5. On the other hand, Mr. Venkatesh Dhond, learned senior counsel appearing for defendant No.1 submitted that there were agreements as regards the aforesaid film ‘Disco Dancer’ and rights in the said film in favour of the predecessor of defendant No.1 i.e. Gamaphone Company of India Limited and thereafter in favour of defendant No.1 since the year 1982. Learned counsel for defendant No.1 tendered copies of - (i) agreement dated 06.10.1982 commencing from 02.08.1982, executed by defendant No.3 in favour of the predecessor of defendant No.1 and also (ii) revision agreement dated 18.10.2010, executed by defendant No.3 in favour of defendant No.1. On the basis of these two agreements, it was submitted that defendant No.1 was entitled to exploit dramatic works concerning the said film. It was submitted that a proper appreciation of the clauses of the agreement dated 11.11.2011, executed in favour of the plaintiff, would show that defendant No.3 had only assigned rights in the cinematographic film ‘Disco Dancer’ and not rights pertaining to adaptation or staging of musicals or dramas. A specific distinction in that regard was sought to be drawn by learned senior counsel in respect of the agreements executed by defendant No.3 in favour of defendant No.1 on the one hand and the agreement executed in favour of the plaintiff on the other hand.

6. It was then submitted that in addition to the assertion of defendant No.1 that all rights pertaining to exploitation of dramatic works based on the said film flowed from the aforesaid two agreements executed by defendant No.3 in favour of defendant No.1, by way of abundant caution, further agreement was executed between defendant No.1 and defendant No.2 on 23.09.2019. By furnishing copies of agreements dated 09.10.2018 executed between defendant No.3 and one R. G. Studios pertaining to musical theatrical adaptation of the said film, further assignment agreement dated 16.08.2019 executed by the said R. G. Studio in favour of defendant No.2 i.e. Gravity Zero Entertainment LLP, as also an agreement dated 17.08.2019 and then the aforementioned agreement dated 23.09.2019, learned senior counsel appearing for defendant No.1 additionally traced the source of the rights obtained by defendant No.1 for the musical theatrical adaptation of the said film in its favour. According to the learned senior counsel, the aforesaid documents would completely destroy the claims made by the plaintiff, and that therefore, it could not be said that prima facie case is made out in favour of the plaintiff.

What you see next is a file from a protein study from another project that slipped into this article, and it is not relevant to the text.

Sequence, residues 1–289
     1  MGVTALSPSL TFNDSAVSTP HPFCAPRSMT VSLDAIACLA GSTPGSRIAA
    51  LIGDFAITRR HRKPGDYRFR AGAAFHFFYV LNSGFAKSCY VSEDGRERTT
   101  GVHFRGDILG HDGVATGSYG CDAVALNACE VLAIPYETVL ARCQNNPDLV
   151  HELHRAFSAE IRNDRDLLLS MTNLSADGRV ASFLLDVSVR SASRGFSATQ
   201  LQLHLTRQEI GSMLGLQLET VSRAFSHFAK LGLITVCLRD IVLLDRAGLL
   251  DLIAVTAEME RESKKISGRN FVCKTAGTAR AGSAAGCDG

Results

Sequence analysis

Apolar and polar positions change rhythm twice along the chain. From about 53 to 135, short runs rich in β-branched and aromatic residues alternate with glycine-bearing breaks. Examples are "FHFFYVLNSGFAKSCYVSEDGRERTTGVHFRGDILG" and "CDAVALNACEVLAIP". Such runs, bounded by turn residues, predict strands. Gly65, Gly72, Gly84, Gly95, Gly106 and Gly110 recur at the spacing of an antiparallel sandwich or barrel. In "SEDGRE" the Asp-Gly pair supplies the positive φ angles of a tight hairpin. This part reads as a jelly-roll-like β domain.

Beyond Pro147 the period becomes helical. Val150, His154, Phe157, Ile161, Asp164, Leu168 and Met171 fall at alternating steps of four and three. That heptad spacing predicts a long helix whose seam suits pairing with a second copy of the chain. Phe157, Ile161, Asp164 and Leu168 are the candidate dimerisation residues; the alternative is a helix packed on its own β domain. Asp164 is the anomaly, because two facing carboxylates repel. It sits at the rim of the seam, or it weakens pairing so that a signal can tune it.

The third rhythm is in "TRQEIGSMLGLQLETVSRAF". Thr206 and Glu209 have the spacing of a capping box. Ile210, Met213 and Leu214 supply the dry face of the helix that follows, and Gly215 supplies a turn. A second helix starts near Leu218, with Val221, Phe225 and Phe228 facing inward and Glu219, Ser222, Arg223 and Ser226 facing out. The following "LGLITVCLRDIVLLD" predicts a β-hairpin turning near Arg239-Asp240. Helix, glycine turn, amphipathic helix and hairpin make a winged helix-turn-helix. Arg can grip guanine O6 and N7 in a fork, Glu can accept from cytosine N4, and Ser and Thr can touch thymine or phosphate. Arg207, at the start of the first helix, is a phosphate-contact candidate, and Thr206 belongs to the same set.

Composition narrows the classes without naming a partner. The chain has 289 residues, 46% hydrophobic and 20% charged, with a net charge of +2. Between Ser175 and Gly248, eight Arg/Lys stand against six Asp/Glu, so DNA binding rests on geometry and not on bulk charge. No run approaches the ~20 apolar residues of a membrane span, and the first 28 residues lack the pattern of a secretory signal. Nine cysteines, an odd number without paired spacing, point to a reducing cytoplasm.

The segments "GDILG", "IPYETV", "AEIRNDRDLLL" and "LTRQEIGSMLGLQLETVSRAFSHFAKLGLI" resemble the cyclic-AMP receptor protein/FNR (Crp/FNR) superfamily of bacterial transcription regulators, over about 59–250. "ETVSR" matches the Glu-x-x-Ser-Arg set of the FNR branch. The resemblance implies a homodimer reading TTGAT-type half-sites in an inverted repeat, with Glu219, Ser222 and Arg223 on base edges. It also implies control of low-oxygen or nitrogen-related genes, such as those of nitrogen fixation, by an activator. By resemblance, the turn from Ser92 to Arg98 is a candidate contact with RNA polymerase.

7. It was further argued by learned senior counsel appearing for defendant No.1 that even if it was assumed for the sake of arguments that the plaintiff had indeed made out a prima facie case, the fact that the plaintiff had approached this Court at the eleventh hour to seek temporary injunction to restrain defendant No.1 from staging the musical in London on 16.11.2022 onwards, demonstrated that the balance of convenience was clearly not in favour of the plaintiff and that, in fact, it was in favour of defendant No.1. It was submitted that, as stated above, the fact that the musical based on the said film proposed to be staged by defendant No.1 in March 2020 itself was in the public domain and even with regard to the staging of the musical from 16.11.2022, the said fact was also in the public domain from September 2022, sufficiently demonstrated that the plaintiff waited till the eleventh hour to approach this Court to contrive a situation of grave urgency. It was specifically submitted that the concerned theater in London had been booked for about a week and the production cost had reached a figure of about Rs.4.34 crores, involving number of artists, thereby demonstrating that granting any temporary injunction, at this stage, would not be in the interest of justice.

8. Mr. Astad Randeria, learned counsel appearing for defendant No.2 submitted that there were attempts made for settlement of the dispute between the said defendant and the plaintiff, resulting in certain post-dated cheques being handed over to the plaintiff. But, the settlement had not worked out, and that therefore, the said defendant was also opposing urgent ad-interim reliefs claimed by the plaintiff.

9. Defendant No.3 was also served by private notice by the plaintiff, but he chose not to appear before this Court.

10. In rejoinder, Dr. Saraf, learned senior counsel appearing for the plaintiff, submitted that even if the contents of the agreements executed in the year 1982 and 2010, upon which defendant No.1 was placing reliance, were to be taken into consideration, it could not be said that the assignment of all the rights in favour of the plaintiff in respect of the said film in terms of the agreement dated 11.11.2011, stood disturbed in any manner. It was submitted that reference to the other agreements executed between various parties and ultimately, the agreement dated 23.09.2019, executed in favour of defendant No.1, indicated the false nature of the claims made on behalf of defendant No.1.